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Holocaust denier sentenced to fine – or jail

January 11th, 2016

As a Facebook commenter is sentenced to pay a high fine or go to prison for Holocaust denial, commentators wonder whether  sanctioning hate speech makes sense as a means of fighting anti-Semitism.

The Esztergom Municipal Court ordered a 38-year old Hungarian to pay an 800,000 Forint fine or spend 400 days in prison for a Facebook comment in which he denied the Holocaust.  The man made nasty comments about Jews and used the term “Holohoax in a comment to an article published on the website of TEV (Action and Protection Foundation), a Jewish watchdog organization. The court ruled that the use of this term amounts to the denial of the Holocaust, which is sanctioned under the hate speech law enacted by the Fidesz government in 2010. The TEV said that it would have been more appropriate to sentence the offender to visit Holocaust-related museums or read books on the subject (as has happened in the past in similar cases) rather than hand down fines. The court mentioned the offender’s previous convictions to justify the unusually harsh sentence.

Sanctioning Holocaust denial by law is counterproductive, Anarki comments in 444. In a democracy, even people with stupid ideas should have the right to say what they think, the liberal blogger claims. If stupid views are stifled rather than publicly refuted, other people with similar nonsensical ideas have less chance to revise their views, Anarki contends. Silencing any ideas, including those worthy of reproach, is a practice that reminds the author of national socialist and communist times. In an aside, Anarki adds that the TEV acted irresponsibly by taking the case to court, and the court also erred by handing down such a harsh sentence.

András Jámbor in Kettős Mérce finds the offender’s comments nauseating, but thinks nonetheless that the offender does not deserve to be sentenced to jail. Sentencing a Holocaust denier to prison will only make him a martyr, the left-wing commentator thinks. Jámbor also accuses the government of being guilty of relativizing the crimes of the Holocaust. As an example, Jámbor mentions the case of the statue of Bálint Hóman, the anti-Semitic interwar Minister of Culture. (The project that included memorial events around several historical figures in the city of Székesfehérvár was given a grant by the Ministry of Justice. A public debate followed, both on Hóman’s scientific merits and his political fallacies, whereupon three cabinet ministers expressed their disapproval and finally the Prime Minister told Parliament he was against erecting statues to Nazi collaborators. The Székesfehérvár Council then withdrew its approval for the project and the grant money was paid back to the treasury. See BudaPost December 12, 2015.) Instead of handing down prison sentences which are out of proportion, the government should distance itself from anti-Semitic personalities of the past, Jámbor recommends.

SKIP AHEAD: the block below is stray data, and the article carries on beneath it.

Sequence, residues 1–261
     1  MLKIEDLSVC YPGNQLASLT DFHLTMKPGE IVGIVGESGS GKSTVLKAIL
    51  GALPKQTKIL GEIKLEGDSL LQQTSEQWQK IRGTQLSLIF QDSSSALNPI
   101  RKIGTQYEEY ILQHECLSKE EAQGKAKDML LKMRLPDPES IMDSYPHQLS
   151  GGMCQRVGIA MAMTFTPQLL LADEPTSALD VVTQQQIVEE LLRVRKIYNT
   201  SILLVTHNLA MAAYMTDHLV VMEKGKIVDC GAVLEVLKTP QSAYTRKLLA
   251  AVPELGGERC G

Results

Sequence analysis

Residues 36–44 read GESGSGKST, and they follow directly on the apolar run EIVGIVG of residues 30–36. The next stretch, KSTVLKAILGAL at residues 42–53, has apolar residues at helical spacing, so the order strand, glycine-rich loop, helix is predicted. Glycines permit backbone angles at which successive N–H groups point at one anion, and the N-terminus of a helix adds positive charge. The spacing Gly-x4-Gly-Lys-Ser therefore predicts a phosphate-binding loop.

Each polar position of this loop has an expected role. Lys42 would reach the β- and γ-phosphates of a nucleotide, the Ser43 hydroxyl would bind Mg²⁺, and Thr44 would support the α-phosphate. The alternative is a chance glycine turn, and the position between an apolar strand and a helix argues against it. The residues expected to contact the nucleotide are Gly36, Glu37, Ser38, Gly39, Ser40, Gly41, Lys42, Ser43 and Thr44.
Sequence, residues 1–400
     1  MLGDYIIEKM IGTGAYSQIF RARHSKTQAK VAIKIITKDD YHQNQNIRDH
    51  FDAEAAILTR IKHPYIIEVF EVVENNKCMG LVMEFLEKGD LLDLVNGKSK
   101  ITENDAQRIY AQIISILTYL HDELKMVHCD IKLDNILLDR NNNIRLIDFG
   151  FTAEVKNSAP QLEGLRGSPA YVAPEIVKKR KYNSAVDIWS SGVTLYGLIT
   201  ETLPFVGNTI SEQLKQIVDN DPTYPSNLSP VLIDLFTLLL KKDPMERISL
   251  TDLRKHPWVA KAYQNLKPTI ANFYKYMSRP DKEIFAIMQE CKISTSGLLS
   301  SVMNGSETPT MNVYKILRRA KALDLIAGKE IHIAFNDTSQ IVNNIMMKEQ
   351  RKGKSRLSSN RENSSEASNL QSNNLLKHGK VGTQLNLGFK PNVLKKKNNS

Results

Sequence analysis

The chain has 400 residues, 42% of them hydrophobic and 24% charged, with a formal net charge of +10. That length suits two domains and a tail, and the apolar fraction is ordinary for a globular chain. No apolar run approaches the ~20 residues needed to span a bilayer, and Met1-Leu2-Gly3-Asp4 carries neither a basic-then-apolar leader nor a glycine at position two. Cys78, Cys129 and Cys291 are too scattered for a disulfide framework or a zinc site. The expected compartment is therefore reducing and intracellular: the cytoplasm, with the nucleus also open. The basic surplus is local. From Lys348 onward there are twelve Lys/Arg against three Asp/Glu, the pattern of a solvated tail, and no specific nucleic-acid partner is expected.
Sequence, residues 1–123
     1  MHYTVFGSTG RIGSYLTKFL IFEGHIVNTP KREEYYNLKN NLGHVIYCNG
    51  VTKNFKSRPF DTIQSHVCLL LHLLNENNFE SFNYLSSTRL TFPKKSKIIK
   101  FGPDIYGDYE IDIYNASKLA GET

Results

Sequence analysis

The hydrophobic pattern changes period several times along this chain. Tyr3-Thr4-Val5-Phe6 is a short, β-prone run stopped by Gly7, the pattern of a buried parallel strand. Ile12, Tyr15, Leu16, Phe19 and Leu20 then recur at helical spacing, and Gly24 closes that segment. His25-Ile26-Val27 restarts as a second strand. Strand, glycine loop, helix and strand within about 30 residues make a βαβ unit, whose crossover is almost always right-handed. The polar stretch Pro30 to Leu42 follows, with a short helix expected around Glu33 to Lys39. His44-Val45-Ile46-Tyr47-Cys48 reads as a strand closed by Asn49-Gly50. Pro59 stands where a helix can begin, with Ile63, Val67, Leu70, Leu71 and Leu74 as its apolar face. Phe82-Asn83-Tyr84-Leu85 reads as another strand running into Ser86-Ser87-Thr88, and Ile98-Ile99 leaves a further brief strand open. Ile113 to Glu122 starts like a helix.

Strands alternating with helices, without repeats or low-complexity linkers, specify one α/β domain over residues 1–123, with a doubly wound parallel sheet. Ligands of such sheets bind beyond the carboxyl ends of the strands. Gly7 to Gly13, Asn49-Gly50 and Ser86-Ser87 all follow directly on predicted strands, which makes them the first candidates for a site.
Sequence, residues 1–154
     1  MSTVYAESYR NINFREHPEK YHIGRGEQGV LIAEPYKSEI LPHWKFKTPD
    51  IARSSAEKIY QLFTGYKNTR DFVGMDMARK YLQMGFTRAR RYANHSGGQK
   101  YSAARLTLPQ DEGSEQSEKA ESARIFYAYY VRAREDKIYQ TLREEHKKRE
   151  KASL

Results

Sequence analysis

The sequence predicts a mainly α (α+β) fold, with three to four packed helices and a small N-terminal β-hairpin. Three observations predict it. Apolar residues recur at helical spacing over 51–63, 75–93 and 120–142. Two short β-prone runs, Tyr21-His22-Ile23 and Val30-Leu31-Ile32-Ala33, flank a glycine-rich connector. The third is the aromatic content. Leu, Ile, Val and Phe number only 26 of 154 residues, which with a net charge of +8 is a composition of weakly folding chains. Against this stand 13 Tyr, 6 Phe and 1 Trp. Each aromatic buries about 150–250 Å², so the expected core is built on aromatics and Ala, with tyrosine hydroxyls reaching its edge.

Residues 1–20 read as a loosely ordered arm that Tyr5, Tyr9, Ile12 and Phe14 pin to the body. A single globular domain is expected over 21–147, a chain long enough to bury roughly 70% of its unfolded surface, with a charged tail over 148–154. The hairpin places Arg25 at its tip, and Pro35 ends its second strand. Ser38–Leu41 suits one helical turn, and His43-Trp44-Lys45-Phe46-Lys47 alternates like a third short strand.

In a front page editorial, Népszabadság admits to controversial feelings about the verdict. Anti-Semitic slurs are “aberrant”, but sentencing the offender to jail is unlikely to reduce the presence of Nazi ideas in Hungary. The question whether free speech should be curtailed in order to sanction hate speech has been discussed for years now, but there still does not seems to be an easy answer to this dilemma, the left-wing daily concludes.

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